For Bill Stewart, a forestry and cooperative extension specialist at UC Berkeley, finding massive herds of goats chomping on dry vegetation in Berkeley has been a regular occurrence for the last 40 years.
According to Stewart, it is not unusual to see 200 grazing goats near the Claremont Canyon Regional Preserve or Tilden Park. In fact, it is likely to become an increasingly common sight as BART uses goats to create firebreaks on its right-of-way property, according to a BART press release.
“It’s a very creative way of taking what essentially is historically a very rural way of using land,” Stewart said. “It is turning out to be one of the most cost-effective ways to reduce fuel risks in and around urban areas.”
Prescribed burning has often been seen as a preferred method of controlling fire damage, similar to practices centuries ago from Indigenous communities, according to Robert York, an extension specialist and adjunct professor of forestry at UC Berkeley.
York said dry vegetation is a significant factor in fueling wildfires. Fire severity can be limited by reducing “surface fuel,” York added.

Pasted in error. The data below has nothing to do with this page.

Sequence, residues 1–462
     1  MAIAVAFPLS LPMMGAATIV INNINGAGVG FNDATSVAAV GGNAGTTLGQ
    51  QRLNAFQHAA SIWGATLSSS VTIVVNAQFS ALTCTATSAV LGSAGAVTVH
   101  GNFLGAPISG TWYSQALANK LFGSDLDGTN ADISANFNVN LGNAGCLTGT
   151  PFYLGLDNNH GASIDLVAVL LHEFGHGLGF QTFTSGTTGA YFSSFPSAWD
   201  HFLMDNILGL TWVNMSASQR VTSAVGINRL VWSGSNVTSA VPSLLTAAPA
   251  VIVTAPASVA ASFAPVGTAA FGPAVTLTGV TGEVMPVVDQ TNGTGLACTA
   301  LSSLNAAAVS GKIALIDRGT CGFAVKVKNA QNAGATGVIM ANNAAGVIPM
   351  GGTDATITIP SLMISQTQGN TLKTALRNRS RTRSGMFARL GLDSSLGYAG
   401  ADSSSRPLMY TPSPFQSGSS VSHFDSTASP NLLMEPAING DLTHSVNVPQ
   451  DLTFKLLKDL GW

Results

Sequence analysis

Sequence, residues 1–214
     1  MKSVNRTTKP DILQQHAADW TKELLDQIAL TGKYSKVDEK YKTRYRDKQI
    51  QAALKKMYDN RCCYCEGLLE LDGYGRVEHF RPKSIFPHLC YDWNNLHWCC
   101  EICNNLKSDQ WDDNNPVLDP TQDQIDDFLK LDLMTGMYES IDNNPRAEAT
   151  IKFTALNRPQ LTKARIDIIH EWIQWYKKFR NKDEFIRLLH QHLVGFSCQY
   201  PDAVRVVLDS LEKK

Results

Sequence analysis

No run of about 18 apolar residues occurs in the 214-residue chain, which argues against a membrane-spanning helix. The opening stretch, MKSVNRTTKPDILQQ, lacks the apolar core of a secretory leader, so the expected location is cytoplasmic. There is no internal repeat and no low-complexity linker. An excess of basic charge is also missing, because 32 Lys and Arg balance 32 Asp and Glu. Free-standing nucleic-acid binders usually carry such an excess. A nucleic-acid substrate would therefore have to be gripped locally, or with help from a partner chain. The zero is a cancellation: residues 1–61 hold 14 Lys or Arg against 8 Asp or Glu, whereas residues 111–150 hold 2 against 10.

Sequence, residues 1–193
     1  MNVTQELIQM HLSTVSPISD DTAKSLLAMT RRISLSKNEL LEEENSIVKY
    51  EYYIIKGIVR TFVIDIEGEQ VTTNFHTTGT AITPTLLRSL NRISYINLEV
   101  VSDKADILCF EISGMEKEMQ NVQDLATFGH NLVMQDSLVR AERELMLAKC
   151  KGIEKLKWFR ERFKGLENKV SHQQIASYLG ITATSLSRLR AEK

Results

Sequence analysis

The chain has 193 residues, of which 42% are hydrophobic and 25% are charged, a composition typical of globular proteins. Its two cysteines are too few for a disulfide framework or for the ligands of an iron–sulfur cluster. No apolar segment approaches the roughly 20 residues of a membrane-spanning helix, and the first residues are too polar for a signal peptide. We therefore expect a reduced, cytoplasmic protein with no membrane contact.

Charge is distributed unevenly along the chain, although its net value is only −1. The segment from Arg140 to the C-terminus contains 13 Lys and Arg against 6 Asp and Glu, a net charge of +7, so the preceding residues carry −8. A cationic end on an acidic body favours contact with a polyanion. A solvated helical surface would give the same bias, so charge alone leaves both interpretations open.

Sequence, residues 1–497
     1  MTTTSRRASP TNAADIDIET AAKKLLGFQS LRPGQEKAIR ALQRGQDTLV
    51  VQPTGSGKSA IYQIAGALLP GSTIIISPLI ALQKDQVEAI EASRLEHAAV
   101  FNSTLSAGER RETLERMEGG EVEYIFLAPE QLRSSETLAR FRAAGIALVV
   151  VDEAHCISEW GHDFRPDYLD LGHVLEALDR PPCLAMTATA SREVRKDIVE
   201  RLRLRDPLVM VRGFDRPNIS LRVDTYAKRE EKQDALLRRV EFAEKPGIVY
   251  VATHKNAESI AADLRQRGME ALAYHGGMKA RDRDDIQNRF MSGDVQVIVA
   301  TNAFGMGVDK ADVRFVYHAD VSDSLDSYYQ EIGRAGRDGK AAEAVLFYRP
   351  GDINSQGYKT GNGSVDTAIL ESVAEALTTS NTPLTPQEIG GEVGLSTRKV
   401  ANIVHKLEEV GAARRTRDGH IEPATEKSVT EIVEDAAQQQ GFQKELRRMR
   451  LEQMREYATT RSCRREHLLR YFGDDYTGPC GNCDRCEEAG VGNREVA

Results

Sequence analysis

“It won’t necessarily stop fires from spreading, but it will change their behavior and make them less damaging and easier to manage,” York said in an email.
Lynn Huntsinger, a UC Berkeley professor of rangeland ecology and management, also included prescribed burning and herbicides among alternate options to grazing goats.
However, she agreed with Stewart’s assessment that grazing will be the best solution for limiting fire damage in urban areas, citing the difficulty to control prescribed burns and the erosion caused by herbicides.
According to the BART press release, the goats for the BART project will be supplied by Living Systems Land Management, owned by Mike and Jan Canaday.
While not a “typical customer,” Mike Canaday said BART has been wholly supportive of this project, reflecting the Bay Area’s urge to find a green solution to fire damage.
“It’s a huge thing when you can change people’s lives like that for the better,” Mike Canaday said. “Maybe the fact that for some reason they can’t rebuild or they didn’t have enough insurance … if you could stop that, that’s a huge thing and very emotional.”
The goats will be employed in Fremont, San Francisco, Redwood City and Hayward, Mike Canaday added.
Having spent 10 years working on forestry projects in India, Sri Lanka and the Philippines, Stewart said he looks forward to seeing “urbanites” interact with grazing animals.
“You see this a lot in rural areas, but now you’re really seeing urban people saying, ‘Oh, wow, what are these?’ ” Stewart said. “It brings back that animal connection to the landscape that most people in urban areas don’t really think about.”